There is an upside to being angry candidate
If Mitt Romney wants to win the Republican nomination for president this year, which he clearly does, he has one big hurdle to overcome: it has something to do with his anger.
During the final debate before the Florida primary, former Pennsylvania senator — and winner of the Iowa caucus — Rick Santorum took the opportunity to show some contrast between himself, front-runner Romney and former speaker of the House Newt Gingrich. He homed in, as he had in the previous Florida debate, on the health-care plan that Romney shepherded into law while governor of Massachusetts.
Romney stunned my typical tweeting-at-the-TV self into silence as he responded to Santorum: “It’s not worth getting angry about.”
For conservative voters who don’t trust Romney, period, and trust him even less on health care — who are worried that he did, in fact, set the stage for Obamacare — it was not the best answer. It wasn’t the best answer, because Santorum’s point was that a government approach to health-care reform isn’t the best one, and that the discussion of health-care reform has to start from a position of freedom, not federal mandates. It wasn’t the best answer because one of the most energetic and vital grassroots movements to strike a chord with voters in recent years — the tea party — sprung from activists angry at the terrible state of the status quo.
It wasn’t the best answer, either, because in the coming weeks and months, I predict that we will see a whole new engagement from religious Americans concerned about the things they will be forced to accept from government-controlled health care. The Obama administration has made clear that taxpayer money will fund contraceptives, sterilization and some drugs that could cause abortions Furthermore, religious organizations that oppose such things will be forced under the law to provide them in employee health-care plans, regardless. The rhetoric this campaign season has suggested that radical, religious Republicans want to take away your personal choice to use birth control. To the contrary: This radical administration wants to insist that things like abortion are part and parcel of basic health care, and that everyone will be forced to pay for it. That’s clearly worth a little rage.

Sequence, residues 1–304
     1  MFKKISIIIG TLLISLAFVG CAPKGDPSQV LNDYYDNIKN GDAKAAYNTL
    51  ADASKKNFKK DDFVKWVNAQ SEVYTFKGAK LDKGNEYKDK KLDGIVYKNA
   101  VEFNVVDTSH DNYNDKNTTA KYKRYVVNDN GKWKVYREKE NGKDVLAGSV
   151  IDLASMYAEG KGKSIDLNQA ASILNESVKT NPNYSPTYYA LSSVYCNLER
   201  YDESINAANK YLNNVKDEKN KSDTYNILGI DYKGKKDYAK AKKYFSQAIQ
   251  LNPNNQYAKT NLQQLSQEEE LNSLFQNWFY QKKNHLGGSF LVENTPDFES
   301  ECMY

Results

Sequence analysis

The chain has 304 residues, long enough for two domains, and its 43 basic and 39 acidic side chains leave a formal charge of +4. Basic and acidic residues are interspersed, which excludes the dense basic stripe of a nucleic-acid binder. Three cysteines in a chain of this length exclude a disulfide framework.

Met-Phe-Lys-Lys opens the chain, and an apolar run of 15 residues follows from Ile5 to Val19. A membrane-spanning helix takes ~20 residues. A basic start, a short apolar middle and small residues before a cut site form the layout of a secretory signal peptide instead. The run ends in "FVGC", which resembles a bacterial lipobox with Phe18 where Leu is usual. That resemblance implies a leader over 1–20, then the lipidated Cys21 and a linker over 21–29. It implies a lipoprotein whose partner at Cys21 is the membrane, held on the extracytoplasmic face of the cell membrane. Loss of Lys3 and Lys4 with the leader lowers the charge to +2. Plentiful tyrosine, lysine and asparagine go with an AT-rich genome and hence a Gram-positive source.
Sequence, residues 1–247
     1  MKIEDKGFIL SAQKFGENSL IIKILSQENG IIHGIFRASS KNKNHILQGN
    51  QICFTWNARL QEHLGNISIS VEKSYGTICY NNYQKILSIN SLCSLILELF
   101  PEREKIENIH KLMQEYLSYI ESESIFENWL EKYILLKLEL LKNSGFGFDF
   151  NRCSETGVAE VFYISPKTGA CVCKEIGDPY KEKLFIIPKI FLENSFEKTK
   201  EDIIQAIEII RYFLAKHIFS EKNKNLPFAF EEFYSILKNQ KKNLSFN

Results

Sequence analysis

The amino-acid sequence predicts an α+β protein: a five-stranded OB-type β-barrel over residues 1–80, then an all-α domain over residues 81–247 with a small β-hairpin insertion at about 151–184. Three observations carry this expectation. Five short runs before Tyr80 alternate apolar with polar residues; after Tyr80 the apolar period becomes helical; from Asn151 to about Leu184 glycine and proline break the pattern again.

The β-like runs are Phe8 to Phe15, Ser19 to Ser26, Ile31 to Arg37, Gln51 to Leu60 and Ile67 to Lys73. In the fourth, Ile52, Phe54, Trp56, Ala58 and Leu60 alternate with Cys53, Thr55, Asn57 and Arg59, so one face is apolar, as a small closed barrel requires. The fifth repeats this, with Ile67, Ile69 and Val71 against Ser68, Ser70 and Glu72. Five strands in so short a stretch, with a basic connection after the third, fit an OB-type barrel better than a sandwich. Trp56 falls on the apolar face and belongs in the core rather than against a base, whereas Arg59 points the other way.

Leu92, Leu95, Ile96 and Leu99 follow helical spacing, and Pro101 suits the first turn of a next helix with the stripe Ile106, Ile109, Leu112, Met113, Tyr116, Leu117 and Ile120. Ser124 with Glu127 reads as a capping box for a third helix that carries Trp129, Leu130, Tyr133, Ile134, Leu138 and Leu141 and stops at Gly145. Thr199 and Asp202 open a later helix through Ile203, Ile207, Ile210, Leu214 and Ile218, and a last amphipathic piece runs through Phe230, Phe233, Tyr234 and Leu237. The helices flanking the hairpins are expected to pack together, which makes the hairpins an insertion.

True, Romney is wise not to join the Occupy screamers, campaign-rally hecklers and talking-head interrupters. And yet, there is clearly something that resonates with voters about Gingrich. Is it because he is the most entertaining? Maybe for some. Because he never hesitates to challenge anyone who questions him? Maybe for others. Is it because he is the ultimate Beltway outsider? Not so much. But could it be that he seems to embody a sense of immediacy and impatience that voters across the board seem to be feeling?
When Romney quotes lyrics from patriotic songs, recalling his youthful cross-country trips with his parents in their Rambler, this is actually what he’s trying to relay: a conservatism, a desire to preserve the country of his youth, the country he was raised to love — a country that won’t last, unless people are willing to fight for it, in principle and policy.
But an understandably skeptical voting public needs more. And Romney hurts himself — and shortchanges his experience and his message — when he dismisses anger. People are disappointed, hurting, and yes, angry. They rightly feel this way about a government that not only gets involved in private matters where it has no business butting in, but that blatantly violates what I and many people believe, forcing mass violations of conscience.
And people are worried: Once the government gets its way on health care, what’s next? Romney doesn’t have to, and shouldn’t, raise his voice or bully anybody. But he does have to demonstrate that he not only understands the concerns that Rick Santorum voiced, but that he can unite Americans and raise up that which is best about this land we love: her freedom.
(Kathryn Lopez can be contacted at firstname.lastname@example.org.)